Speaking of Rice, he was genuinely overshadowed by his counterpart, Arian Foster. While Rice managed a paltry 60 yards on 21 carries and 20 yards on 4 receptions, Foster became the first opponent to ever rush for over 100 yards against the Ravens in a playoff game, and he nearly did it in the first half. The Texans’ running back finished the day with 132 yards on 27 carries, and added 22 yards on five receptions. The Ravens’ defensive line and linebackers, despite being rested, were pushed around by Houston’s offensive line all day. Not only in the running game, but in the passing game as well, as rookie quarterback T.J. Yates was not sacked a single time all afternoon.
Terrell Suggs did not Ball So Hard yesterday. In fact, aside from a stop of Foster on third down following the goal line stand that forced the Texans to punt from their end zone, he was relatively silent.
Yates, for his part, took what the Ravens gave him, but was also the beneficiary of some uncharacteristic slippery fingers from Ed Reed. Reed – though he got the key interception when the team needed him most, late in the fourth quarter – dropped two in the first half that likely would have helped put the game away much, much earlier. Ray Lewis also had a potential pick bounce off his shoulder. So while the Ravens were able to pick Yates off three times (two by Lardarius Webb), they very easily could have had five or six picks.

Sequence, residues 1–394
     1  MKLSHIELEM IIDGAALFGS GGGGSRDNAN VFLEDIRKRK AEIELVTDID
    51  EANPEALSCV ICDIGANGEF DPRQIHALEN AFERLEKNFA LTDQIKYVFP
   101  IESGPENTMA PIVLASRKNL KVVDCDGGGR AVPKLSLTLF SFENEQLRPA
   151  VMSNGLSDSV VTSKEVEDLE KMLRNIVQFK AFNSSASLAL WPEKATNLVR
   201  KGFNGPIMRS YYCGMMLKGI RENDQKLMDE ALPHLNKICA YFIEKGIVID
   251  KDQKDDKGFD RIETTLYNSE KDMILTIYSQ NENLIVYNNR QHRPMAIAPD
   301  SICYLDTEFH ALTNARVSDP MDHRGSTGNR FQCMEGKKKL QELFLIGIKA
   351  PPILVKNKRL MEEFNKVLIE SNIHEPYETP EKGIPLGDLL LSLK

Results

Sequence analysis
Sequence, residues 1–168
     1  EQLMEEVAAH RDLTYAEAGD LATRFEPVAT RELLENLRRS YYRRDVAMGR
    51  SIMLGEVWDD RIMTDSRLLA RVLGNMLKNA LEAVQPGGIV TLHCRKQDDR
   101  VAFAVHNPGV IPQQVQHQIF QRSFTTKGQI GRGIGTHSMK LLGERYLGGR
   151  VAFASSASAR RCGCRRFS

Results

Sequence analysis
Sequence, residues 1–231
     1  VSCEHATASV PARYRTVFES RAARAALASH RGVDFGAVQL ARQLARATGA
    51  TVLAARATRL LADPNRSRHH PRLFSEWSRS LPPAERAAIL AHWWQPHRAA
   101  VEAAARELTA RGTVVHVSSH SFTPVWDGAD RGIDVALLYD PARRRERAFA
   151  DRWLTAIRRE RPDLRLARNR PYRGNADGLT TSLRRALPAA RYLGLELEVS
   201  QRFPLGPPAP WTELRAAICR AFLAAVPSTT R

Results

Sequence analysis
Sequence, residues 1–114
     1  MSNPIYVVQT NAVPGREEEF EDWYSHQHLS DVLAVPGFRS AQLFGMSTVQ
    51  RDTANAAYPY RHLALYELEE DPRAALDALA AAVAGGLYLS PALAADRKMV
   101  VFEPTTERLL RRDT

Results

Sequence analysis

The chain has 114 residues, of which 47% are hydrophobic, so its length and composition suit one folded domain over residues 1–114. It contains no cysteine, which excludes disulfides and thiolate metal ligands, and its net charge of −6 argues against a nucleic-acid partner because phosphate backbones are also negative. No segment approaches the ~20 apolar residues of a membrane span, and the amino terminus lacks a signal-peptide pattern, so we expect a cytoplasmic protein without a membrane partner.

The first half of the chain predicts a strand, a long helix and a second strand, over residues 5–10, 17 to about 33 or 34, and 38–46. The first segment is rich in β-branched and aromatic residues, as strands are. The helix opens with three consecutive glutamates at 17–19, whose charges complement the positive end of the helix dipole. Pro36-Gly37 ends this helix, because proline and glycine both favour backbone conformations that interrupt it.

Joe Flacco, on the other hand, didn’t have nearly the luxurious pocket that Yates enjoyed. He was sacked five times, and was under constant duress. When he did have time to throw in the first half, he was betrayed by his receivers, as Anquan Boldin, Ed Dickson, and Torrey Smith all dropped catchable balls that, again, probably would have helped put the game away much earlier. Webb seemed to be the only guy in purple who could catch in the first half.
The Ravens were gifted some great field position by turnovers early, and took advantage. Their two touchdown “drives” of the day were 2 and 34 yards, respectively. After putting up 17 points in the first quarter, they took a nap until the fourth, and allowed Houston to hang around.
Going that long without scoring won’t fly next week in New England. After a 14/27, 176 yard day, the Flacco bashers are sure to be out in full force again this week, blatantly disregarding the aforementioned offensive line and receiving woes.
Whatever. Just like last week, my advice for Ravens fans is to stress out on Sunday – Saturday if you really can’t wait. Spend the time until then enjoying this, and soaking in the Festivus atmosphere. There are only three other teams still alive at this point. The Ravens are in their second AFC Championship game in four seasons.
Festivus Maximus is one win away.